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A C++17 Thread Pool for High-Performance Scientific Computing

Shoshany, Barak

  • BS_thread_pool.hpp:
    • Main BS::thread_pool class:
      • Added a new member function, push_loop(), which does the same thing as parallelize_loop(), except that it does not return a BS::multi_future with the futures for each block. Just like push_task() vs. submit(), this avoids the overhead of creating the futures, but the user must use wait_for_tasks() or some other method to ensure that the loop finishes executing, otherwise bad things will happen.
      • push_task() and submit() now utilize perfect forwarding in order to support more types of tasks - in particular member functions, which in previous versions could not be submitted unless wrapped in a lambda. To submit a member function, use the syntax submit(&class::function, &object, args). More information can be found in See #9.
      • push_loop() and parallelize_loop() now have overloads where the first argument (the first index in the loop) is omitted, in which case it is assumed to be 0. This is for convenience, as the case where the first index is 0 is very common.
    • Helper classes:
      • BS::synced_stream now utilizes perfect forwarding in the member functions print() and println().
      • Previously, it was impossible to pass the flushing manipulators std::endl and std::flush to print() and println(), since the compiler could not figure out which template specializations to use. The new objects BS::endl and BS::flush are explicit casts of these manipulators, whose sole purpose is to enable passing them to print() and println().
      • BS::multi_future::get() now rethrows exceptions generated by the futures, even if the futures return void. See #62.
      • Added a new helper class, BS::blocks, which is used by parallelize_loop() and push_loop() to divide a range into blocks. This class is not documented in, as it most likely will not be of interest to most users, but it is still publicly available, in case you want to parallelize something manually but still benefit from the built-in algorithm for splitting a range into blocks.
  • BS_thread_pool_test.cpp:
    • Added plenty of new tests for the new features described above.
    • Fixed a bug in count_unique_threads() that caused it to get stuck on certain systems.
    • dual_println() now also flushes the stream using BS::endl, so that if the test gets stuck, the log file will still contain everything up to that point. (Note: It is a common misconception that std::endl and '\n' are interchangeable. std::endl not only prints a newline character, it also flushes the stream, which is not always desirable, as it may reduce performance.)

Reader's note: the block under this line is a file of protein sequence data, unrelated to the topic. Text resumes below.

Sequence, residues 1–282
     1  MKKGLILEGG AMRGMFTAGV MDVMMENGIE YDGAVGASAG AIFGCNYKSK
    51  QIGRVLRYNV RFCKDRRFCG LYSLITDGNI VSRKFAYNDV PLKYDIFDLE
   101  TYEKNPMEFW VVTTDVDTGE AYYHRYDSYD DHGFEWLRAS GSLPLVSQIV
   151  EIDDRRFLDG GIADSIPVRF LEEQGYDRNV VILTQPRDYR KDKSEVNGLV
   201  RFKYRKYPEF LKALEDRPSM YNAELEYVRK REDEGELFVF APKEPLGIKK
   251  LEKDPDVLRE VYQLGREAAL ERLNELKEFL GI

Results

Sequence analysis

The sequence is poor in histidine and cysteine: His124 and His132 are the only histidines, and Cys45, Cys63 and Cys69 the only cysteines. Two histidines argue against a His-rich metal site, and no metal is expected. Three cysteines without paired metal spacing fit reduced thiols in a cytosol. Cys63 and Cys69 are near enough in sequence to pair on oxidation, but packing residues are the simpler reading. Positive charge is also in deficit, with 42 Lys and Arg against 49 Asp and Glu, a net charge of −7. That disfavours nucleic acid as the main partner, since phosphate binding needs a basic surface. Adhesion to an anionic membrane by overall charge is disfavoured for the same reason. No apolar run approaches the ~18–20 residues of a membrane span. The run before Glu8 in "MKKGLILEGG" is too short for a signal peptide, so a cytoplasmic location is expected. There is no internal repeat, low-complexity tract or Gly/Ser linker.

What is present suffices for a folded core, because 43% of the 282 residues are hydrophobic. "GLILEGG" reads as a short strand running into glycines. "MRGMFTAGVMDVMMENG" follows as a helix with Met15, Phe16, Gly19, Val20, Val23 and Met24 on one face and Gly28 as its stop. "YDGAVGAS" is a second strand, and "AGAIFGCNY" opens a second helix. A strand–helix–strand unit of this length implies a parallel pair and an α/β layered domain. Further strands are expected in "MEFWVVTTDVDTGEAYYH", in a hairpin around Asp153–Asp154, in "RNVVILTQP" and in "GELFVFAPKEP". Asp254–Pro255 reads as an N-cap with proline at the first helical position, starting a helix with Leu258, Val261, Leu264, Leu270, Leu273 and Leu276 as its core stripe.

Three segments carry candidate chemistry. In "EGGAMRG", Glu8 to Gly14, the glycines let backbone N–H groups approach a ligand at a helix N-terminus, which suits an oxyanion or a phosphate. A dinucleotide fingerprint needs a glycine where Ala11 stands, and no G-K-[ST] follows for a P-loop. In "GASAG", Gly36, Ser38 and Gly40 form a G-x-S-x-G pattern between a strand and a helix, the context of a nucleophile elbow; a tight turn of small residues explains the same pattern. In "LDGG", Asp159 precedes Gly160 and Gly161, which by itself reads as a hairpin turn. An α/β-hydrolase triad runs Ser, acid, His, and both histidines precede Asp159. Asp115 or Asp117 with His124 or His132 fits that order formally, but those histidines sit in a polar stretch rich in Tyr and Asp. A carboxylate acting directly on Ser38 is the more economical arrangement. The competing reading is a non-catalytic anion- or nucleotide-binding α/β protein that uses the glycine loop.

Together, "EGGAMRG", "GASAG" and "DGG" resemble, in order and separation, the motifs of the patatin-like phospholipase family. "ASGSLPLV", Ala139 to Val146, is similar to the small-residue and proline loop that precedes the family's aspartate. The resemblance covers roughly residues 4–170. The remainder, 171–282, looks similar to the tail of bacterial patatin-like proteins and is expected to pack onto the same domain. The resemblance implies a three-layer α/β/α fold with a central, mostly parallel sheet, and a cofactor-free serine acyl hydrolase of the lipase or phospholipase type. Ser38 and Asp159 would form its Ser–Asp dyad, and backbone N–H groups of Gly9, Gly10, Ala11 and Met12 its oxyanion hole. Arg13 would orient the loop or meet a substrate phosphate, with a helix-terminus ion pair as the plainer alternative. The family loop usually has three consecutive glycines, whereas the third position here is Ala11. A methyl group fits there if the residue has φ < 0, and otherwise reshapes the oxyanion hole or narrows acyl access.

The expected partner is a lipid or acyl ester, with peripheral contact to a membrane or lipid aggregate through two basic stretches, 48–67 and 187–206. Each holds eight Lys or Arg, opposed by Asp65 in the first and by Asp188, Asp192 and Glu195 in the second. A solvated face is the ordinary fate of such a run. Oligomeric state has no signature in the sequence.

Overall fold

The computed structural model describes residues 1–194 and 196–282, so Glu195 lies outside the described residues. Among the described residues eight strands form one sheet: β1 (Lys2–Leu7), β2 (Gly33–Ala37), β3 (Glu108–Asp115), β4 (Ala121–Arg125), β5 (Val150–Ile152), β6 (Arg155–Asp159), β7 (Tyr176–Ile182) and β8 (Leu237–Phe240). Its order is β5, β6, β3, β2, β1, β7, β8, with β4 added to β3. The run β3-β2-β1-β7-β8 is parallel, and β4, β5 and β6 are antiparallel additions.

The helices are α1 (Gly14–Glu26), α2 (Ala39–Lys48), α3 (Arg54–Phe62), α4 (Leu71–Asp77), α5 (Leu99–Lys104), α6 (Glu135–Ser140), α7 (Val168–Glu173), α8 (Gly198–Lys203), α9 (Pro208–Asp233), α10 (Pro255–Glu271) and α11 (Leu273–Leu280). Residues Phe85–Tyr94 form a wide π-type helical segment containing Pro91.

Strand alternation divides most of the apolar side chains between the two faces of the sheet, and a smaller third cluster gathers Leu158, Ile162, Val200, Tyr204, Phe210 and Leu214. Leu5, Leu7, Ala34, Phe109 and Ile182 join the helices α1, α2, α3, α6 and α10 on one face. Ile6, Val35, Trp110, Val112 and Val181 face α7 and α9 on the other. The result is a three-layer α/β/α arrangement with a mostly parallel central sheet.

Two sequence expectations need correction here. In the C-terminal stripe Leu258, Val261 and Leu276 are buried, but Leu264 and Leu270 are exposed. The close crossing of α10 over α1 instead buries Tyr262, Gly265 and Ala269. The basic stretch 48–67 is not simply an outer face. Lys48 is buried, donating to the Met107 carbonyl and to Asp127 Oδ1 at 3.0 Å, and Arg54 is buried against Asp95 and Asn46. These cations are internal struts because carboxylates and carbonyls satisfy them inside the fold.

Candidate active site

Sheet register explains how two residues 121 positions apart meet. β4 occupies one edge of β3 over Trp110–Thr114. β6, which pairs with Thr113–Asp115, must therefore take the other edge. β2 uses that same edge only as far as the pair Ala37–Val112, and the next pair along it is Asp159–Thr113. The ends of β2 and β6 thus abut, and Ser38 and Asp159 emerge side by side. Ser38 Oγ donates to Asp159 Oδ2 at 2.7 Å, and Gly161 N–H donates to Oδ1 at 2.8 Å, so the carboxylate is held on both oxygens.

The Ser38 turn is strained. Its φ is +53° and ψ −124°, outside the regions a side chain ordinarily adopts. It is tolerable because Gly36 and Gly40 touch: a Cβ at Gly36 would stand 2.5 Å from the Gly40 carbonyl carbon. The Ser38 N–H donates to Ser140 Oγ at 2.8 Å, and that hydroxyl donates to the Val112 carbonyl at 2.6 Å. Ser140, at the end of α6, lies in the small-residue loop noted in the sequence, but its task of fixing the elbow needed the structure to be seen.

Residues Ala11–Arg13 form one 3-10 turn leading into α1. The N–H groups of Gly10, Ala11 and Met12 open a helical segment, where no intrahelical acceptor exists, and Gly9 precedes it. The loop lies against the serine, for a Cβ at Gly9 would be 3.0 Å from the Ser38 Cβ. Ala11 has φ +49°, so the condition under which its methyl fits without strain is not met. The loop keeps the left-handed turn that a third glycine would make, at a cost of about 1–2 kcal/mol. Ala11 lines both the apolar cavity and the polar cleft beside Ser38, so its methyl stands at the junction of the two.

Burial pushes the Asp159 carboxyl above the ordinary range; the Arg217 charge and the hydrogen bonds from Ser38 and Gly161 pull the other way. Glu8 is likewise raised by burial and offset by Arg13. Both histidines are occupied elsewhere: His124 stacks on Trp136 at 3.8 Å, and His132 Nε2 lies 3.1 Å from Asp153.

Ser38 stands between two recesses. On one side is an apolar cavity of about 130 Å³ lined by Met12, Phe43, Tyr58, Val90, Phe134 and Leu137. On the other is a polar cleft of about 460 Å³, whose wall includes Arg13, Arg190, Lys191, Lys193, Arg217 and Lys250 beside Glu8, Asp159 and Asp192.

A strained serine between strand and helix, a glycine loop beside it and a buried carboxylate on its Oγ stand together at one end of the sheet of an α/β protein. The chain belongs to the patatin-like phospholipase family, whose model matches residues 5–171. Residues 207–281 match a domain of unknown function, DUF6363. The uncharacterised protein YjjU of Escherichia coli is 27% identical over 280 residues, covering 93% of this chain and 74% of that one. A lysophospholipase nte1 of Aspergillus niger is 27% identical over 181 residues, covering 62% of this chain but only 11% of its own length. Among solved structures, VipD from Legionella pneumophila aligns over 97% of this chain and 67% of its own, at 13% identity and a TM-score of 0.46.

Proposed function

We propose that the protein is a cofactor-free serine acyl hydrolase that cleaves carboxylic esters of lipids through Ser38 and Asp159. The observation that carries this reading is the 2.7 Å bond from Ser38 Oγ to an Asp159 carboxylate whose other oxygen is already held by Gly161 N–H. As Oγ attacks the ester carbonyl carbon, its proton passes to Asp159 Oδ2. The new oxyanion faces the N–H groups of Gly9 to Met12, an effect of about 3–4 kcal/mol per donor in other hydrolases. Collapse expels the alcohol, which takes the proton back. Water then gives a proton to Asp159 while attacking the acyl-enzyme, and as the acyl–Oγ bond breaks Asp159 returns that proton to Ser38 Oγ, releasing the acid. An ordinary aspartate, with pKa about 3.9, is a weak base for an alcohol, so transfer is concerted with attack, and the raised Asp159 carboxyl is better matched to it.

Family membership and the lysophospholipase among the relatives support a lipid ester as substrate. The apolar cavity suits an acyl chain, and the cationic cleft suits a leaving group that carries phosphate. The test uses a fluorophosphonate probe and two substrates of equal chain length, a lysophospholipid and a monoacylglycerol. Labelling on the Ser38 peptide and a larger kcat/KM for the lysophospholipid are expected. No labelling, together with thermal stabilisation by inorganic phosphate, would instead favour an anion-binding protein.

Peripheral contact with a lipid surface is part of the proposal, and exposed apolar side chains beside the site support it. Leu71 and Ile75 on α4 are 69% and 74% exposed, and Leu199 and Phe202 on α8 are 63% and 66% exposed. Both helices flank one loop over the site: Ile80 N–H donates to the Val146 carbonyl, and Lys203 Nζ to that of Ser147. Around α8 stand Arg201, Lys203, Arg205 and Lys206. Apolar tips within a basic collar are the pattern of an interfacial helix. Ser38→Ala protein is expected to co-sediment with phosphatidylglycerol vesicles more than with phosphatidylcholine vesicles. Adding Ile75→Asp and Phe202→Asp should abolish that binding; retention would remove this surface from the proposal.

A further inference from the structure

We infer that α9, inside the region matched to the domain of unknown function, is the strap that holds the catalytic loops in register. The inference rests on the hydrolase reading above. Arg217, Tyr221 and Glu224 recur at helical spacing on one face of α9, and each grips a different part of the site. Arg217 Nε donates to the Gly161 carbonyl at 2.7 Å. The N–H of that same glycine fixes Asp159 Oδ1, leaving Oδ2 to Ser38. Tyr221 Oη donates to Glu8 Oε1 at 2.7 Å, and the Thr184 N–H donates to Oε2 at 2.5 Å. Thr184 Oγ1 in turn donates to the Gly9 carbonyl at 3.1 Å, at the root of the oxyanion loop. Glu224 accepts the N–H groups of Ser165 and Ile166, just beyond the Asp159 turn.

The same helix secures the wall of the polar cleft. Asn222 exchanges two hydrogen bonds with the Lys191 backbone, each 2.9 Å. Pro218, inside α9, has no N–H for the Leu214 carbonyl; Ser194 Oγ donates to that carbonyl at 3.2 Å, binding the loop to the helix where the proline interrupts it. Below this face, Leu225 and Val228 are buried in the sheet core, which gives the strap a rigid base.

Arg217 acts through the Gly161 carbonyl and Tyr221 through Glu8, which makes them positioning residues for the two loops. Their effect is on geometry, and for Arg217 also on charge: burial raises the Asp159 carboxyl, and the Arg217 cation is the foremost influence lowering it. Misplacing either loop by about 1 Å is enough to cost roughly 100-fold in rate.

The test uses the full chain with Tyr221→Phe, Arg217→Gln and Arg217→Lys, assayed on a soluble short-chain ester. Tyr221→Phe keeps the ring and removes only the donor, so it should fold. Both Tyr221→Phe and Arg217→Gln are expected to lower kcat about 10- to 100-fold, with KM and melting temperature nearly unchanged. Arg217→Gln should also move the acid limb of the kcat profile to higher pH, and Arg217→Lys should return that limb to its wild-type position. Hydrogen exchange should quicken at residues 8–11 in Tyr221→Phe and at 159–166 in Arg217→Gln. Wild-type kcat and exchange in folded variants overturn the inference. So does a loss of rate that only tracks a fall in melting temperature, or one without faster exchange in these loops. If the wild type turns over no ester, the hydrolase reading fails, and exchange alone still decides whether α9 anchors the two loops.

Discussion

• The performance test has been modified as follows:
      • Instead of generating random vectors using std::mersenne_twister_engine, which proved to be inconsistent across different compilers and systems, the test now generates each element via an arbitrarily-chosen numerical operation. In my testing, this provided much more consistent results.
      • Instead of using a hard-coded vector size, a suitable vector size is now determined dynamically at runtime.
      • Instead of using parallelize_loop(), the test now uses the new push_loop() function to squeeze out a bit more performance.
      • Instead of setting the test parameters to achieve a fixed single-threaded mean execution time of 300 ms, the test now aims to achieve a fixed multi-threaded mean execution time of 50 ms when the number of blocks is equal to the number of threads. This allows for more reliable results on very fast CPUs with a very large number of threads, where the mean execution time when using all the threads could previously be below a statistically significant value.
      • The number of vectors is now restricted to be a multiple of the number of threads, so that the blocks are always all of the same size.
    • Added instructions and examples for the new features described above.
    • Rewrote the documentation for parallelize_loop() to make it clearer.
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